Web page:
Planned Giving – An Important Part of Fundraising
Did you know that only 5% of the nation’s wealth is in cash? If you only ask for cash donations (and too many organizations do), you’ve left a lot of money on the table. If you want your organization to be around in 10 years, you better make “planned giving fundraising” part of your fundraising efforts. This is true for churches and faith-based organizations, too.
Planned Giving Fundraising
What is planned giving? It is the process of encouraging gifts of assets, such as stocks, retirement plans, and real estate. People can give more out of their assets than they can out of current cash flow. Planned gifts can be 10 times or more than the amount of an annual gift.
Why don’t more organizations have planned giving programs? There are two common objections.
First: it will drain money from annual gifts. Organizations that have planned giving programs report that just the opposite is the case. If somebody makes a planned gift, which is for the long term, they will continue and sometimes even increase their annual giving. Why would somebody give to the long term and stop giving to your organization’s shorter-term needs?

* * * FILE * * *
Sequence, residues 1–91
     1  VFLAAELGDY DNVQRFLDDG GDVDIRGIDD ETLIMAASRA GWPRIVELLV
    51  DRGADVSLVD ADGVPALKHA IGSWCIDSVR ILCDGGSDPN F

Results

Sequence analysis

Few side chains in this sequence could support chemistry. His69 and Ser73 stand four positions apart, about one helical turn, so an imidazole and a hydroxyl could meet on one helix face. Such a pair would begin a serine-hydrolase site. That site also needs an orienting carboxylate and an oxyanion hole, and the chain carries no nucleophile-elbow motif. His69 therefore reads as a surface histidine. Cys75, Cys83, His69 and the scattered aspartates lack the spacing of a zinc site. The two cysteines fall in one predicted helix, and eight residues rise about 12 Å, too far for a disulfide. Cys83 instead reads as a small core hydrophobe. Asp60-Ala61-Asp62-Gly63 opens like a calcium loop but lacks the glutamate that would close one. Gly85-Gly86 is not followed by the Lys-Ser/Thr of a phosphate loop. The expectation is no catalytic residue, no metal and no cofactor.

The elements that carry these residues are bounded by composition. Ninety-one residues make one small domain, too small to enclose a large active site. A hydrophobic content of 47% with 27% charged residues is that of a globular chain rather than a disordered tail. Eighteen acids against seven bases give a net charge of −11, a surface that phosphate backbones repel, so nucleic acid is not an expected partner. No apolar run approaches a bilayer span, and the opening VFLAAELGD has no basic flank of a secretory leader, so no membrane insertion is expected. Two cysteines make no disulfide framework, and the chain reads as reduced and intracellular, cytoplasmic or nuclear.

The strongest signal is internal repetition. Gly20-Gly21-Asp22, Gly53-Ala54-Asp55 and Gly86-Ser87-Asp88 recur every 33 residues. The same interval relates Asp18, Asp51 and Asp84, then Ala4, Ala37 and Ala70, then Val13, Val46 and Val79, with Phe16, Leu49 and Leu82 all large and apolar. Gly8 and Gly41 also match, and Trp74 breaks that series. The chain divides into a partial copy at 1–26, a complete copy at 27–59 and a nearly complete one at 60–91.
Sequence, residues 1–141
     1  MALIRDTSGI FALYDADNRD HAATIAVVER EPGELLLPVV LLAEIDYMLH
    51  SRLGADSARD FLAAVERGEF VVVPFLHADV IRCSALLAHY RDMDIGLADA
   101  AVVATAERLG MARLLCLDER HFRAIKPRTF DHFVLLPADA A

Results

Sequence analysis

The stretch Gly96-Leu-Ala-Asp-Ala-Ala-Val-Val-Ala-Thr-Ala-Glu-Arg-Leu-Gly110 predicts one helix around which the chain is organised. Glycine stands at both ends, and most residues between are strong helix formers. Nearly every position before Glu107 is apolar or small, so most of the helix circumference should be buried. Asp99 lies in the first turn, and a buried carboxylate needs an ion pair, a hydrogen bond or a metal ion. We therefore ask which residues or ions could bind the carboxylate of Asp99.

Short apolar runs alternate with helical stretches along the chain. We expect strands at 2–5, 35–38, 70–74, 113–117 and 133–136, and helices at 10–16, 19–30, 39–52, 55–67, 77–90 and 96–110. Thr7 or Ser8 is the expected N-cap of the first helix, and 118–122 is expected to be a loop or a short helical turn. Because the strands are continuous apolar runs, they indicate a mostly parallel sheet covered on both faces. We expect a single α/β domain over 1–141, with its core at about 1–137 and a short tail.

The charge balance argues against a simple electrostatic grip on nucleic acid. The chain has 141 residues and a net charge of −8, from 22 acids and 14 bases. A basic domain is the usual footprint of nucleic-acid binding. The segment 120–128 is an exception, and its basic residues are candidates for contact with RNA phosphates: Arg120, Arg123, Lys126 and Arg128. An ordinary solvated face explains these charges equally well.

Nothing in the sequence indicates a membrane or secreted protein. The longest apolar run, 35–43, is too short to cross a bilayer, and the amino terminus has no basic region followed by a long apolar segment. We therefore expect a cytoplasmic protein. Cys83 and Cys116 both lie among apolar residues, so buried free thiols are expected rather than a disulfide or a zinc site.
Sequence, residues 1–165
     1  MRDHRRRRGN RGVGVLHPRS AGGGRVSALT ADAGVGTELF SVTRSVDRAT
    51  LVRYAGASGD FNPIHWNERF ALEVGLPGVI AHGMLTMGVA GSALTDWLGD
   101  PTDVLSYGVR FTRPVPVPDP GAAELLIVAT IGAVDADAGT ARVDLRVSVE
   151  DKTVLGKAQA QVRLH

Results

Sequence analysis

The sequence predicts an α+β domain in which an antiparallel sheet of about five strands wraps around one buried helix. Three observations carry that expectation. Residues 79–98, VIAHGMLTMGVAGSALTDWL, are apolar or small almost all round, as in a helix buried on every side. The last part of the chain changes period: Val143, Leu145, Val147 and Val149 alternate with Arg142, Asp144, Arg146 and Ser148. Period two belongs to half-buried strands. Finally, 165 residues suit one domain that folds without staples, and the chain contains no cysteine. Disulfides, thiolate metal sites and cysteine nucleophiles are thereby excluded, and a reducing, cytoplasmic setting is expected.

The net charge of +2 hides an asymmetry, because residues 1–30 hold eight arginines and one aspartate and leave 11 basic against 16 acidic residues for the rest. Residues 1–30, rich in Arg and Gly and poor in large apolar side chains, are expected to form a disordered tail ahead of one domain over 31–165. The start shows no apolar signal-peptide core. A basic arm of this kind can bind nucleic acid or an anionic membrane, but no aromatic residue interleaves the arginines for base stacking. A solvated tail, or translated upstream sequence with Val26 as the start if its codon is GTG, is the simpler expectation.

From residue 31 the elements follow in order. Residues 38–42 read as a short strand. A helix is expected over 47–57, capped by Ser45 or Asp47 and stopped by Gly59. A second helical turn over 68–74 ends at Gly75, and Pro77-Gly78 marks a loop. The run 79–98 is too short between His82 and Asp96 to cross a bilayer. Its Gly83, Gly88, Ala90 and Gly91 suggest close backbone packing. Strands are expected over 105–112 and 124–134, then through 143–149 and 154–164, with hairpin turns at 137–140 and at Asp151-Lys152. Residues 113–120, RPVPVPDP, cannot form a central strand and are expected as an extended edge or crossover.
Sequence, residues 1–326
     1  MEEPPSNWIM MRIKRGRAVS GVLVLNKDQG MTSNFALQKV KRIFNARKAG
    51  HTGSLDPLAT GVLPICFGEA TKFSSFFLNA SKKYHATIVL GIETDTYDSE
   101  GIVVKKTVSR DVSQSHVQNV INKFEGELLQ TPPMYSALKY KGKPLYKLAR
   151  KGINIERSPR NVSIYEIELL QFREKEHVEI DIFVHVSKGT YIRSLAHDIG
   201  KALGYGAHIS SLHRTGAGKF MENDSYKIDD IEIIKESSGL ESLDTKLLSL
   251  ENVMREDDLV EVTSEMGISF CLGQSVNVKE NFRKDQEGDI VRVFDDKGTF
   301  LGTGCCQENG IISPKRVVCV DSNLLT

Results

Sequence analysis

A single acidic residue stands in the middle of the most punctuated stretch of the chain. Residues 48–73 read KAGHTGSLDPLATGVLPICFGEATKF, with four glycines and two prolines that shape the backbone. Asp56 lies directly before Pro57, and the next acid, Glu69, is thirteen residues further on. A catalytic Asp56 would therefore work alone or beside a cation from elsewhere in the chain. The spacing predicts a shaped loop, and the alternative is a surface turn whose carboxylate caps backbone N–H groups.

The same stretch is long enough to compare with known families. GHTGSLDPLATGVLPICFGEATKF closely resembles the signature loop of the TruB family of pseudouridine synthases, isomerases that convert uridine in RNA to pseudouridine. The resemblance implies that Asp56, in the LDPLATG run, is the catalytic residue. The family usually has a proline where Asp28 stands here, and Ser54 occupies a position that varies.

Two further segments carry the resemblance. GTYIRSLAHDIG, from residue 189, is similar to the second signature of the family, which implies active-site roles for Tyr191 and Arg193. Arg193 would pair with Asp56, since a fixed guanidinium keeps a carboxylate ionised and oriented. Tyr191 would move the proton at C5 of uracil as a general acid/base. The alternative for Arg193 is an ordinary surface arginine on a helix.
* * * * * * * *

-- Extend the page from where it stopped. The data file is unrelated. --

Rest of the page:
Second: organizations fear that it is too complicated. While time and space don’t allow us to give details on each type of gift, the fact is most planned giving is not complicated. Most planned gifts come from estates, but an increasing number of gifts are coming through beneficiary-type gifts, such as transfers on death and retirement plans.
How do you start a planned giving program? Here is an overview of the steps:
1. Educate staff and Board members about the various types of planned gifts and their benefits.
2. Prepare and get Board approval for gift acceptance policies. The policy will outline the types of gifts you will accept or not, and the procedures for accepting gifts. You may be tempted to take a template off the Internet, but resist. One size does not fit all.
3. Start marketing various types of planned gifts through your website and publications. Remember that while donors want to know the tax consequences of a gift, taxes don’t drive a gift. People give to support your mission.
If you are interested in starting a planned giving program please give us a call. We have experience educating Boards, assisting with gift acceptance policies, and assisting with any technical questions about planned gifts.